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Military Ethics

I just read, “Military Ethics: Is There a Crisis of Leadership” (April 2014, page 16) and the answer is clearly, yes. While most people confuse morals and ethics, and ethics with a code of conduct, there are many differences.

I earned a Ph.D. in Christian business ethics in 1997 and have been a practicing ethics consultant. When I worked for a well-known multinational corporation that is a leader in the defense/aerospace industry, my manager refused to teach the corporate ethics program to his staff. He asked me to do it because he felt that his management was very unethical and said he had no right teaching it. I did it for years.

While I specialize in ethics within a business, I can extend my model to any organization. In my model, the organization needs a strong mission statement — the “where we are today.” Next, the organization needs a vision statement — the “where we want to be.”

These are followed by the core values. The mission and vision statements are prepared and promulgated by senior executives, but the core values should be created by the employees. Core values in an organization are equivalent to morals in an individual. At one time in our great country, our morals were based on Biblical truths. For an organization, core values could include items such as honesty, integrity, citizenship or quality. These are what the organization would like its customers and clients to think about when they think about the organization.

I read an article last week that discussed sexual assaults in the military during 2012. Female war fighters reported 12,000 sexual assaults, while males reported 14,000 sexual assaults, mostly by males. The military needs adult supervision. There is a failure of leadership in the U.S. military.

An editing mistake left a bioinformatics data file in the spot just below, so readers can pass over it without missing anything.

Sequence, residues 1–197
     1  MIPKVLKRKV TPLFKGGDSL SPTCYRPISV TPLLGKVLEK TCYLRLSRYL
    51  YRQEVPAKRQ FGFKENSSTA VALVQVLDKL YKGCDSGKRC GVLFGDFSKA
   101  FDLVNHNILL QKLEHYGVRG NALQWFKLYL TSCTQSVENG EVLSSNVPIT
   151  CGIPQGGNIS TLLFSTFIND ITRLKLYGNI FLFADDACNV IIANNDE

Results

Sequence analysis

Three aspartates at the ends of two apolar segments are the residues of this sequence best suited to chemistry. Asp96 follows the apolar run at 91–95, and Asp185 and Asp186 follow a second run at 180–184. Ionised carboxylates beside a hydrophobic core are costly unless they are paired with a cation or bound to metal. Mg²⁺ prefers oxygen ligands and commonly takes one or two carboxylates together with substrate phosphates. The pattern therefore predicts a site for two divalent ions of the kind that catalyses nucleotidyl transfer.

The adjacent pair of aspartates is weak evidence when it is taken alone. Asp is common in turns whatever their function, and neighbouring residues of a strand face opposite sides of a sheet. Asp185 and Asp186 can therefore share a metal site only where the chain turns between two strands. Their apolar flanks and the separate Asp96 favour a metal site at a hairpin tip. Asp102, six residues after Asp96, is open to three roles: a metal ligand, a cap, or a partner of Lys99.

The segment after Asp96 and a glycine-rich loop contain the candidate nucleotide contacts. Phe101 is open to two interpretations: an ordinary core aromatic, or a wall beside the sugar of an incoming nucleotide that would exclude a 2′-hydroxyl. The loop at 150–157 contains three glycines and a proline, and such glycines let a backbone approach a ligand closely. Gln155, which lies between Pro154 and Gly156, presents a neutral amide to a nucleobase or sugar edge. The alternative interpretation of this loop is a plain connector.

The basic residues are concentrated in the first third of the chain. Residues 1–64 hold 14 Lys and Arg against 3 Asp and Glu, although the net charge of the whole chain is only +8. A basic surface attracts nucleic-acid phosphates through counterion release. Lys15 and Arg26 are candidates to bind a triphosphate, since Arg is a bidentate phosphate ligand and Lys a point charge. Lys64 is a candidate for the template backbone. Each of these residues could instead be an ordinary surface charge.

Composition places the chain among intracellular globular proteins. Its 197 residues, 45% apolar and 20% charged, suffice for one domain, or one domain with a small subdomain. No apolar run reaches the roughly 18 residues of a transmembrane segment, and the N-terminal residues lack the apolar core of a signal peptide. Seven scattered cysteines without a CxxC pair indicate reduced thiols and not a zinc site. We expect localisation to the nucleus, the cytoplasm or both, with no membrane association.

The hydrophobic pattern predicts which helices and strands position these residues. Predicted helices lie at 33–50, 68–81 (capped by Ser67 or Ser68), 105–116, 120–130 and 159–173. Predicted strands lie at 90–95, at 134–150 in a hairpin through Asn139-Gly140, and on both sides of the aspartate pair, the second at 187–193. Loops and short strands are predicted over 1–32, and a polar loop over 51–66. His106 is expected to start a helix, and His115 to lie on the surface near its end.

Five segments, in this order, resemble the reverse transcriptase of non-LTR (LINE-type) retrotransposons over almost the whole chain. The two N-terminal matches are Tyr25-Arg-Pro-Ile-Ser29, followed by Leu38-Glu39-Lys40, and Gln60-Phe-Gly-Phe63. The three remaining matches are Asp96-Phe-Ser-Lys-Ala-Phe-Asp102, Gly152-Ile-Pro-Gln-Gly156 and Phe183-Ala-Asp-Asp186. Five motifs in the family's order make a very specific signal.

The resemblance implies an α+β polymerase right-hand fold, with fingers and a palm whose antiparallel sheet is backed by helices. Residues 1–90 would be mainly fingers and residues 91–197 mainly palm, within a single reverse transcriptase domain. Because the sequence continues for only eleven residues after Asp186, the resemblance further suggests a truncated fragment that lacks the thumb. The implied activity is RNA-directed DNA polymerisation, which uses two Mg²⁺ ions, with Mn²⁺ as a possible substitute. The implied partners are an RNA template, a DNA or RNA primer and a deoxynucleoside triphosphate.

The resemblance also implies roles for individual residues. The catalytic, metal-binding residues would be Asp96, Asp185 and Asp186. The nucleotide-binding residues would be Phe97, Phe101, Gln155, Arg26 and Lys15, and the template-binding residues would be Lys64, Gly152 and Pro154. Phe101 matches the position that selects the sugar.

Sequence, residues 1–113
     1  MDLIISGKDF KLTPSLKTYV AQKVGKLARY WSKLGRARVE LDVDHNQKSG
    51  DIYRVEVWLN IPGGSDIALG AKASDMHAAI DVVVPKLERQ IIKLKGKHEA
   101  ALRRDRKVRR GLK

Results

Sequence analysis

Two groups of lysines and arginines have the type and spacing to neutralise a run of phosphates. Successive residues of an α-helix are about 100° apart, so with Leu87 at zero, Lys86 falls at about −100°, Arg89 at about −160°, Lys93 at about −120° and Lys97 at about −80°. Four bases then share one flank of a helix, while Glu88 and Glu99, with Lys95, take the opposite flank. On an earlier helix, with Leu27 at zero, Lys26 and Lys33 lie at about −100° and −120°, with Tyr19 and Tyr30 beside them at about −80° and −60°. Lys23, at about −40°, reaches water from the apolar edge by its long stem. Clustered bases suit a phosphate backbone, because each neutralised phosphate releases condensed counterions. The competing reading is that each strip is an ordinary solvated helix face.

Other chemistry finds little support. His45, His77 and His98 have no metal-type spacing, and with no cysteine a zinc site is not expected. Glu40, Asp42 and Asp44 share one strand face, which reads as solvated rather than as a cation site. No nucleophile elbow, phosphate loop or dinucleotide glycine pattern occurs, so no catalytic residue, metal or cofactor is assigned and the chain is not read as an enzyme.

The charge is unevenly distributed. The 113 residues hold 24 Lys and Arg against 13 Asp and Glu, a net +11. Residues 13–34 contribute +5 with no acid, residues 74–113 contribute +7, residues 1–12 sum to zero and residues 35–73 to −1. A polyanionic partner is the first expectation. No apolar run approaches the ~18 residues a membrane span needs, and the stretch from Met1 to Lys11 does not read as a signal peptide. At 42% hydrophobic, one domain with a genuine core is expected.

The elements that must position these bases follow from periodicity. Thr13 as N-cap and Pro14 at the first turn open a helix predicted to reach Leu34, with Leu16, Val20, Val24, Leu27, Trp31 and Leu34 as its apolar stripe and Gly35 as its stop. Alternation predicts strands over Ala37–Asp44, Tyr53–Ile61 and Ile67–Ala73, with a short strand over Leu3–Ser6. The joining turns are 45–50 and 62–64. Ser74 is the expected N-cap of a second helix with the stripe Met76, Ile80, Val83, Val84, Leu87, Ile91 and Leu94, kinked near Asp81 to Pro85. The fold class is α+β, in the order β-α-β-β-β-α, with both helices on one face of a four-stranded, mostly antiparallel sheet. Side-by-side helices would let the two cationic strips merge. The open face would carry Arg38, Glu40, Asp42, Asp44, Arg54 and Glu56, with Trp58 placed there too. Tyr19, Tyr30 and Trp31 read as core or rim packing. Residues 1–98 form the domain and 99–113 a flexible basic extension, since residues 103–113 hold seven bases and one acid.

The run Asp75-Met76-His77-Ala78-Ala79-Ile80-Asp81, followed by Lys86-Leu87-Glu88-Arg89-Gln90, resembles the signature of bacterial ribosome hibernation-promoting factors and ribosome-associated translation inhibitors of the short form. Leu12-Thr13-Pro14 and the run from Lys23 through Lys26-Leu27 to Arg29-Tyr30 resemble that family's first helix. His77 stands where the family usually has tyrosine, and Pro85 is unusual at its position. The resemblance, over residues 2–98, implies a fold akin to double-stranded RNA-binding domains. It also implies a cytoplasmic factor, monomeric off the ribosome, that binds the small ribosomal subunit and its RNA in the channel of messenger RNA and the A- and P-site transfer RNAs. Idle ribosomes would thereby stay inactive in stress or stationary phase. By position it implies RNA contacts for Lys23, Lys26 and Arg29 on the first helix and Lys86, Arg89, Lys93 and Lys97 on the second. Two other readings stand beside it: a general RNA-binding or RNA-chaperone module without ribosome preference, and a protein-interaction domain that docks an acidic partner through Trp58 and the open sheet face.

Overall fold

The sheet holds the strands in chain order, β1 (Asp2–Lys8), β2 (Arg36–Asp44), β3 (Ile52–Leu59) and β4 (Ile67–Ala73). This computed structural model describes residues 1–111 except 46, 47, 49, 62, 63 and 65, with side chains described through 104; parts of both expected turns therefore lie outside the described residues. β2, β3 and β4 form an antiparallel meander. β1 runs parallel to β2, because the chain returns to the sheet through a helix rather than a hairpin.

If we go back to my comments about my manager feeling unable to teach ethics because his management chain was unethical, we might think that ethical behavior flows from the top. My research, teaching and consulting has led me to that conclusion. Just as little children try to mimic older siblings or parents, workers in any organization will mimic the ethical behavior of the supervisors and managers above them. When the CEO and his/her staff exhibit ethical behavior, the next level of managers will try to do the same; this continues all the way to the lowest level employee.

You are on the right track with this article. While we might have some differences in terminology, we are in synch on the concepts. Thank you for the reference to J. Phillip London’s book, Character: The Ultimate Success Factor, as I will have to get a copy.

Michael E. Harris,
aka The Ethics Doctor™

Acquisition Reform

Your article, “Congress Takes Another Stab at Fixing Pentagon Procurement” (National Defense blog, April 13) has raised again the obvious to many of us in the business.
Where are the folks who really understand what is driving costs? They, not Congress, procurement organizations, operations folks, the Pentagon, are the ones driving those costs. Those folks are the engineering, manufacturing, testing and procurement planning personnel of our industry.